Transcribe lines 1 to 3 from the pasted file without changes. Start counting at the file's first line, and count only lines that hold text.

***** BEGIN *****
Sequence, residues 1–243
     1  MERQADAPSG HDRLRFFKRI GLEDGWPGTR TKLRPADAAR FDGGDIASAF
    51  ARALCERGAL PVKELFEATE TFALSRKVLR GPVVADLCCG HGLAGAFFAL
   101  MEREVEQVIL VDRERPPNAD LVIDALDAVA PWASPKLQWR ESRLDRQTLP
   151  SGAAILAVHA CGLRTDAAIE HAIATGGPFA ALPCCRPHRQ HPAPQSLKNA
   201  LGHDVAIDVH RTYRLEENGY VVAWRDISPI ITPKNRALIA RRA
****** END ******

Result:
Sequence, residues 1–243
     1  MERQADAPSG HDRLRFFKRI GLEDGWPGTR TKLRPADAAR FDGGDIASAF
    51  ARALCERGAL PVKELFEATE TFALSRKVLR GPVVADLCCG HGLAGAFFAL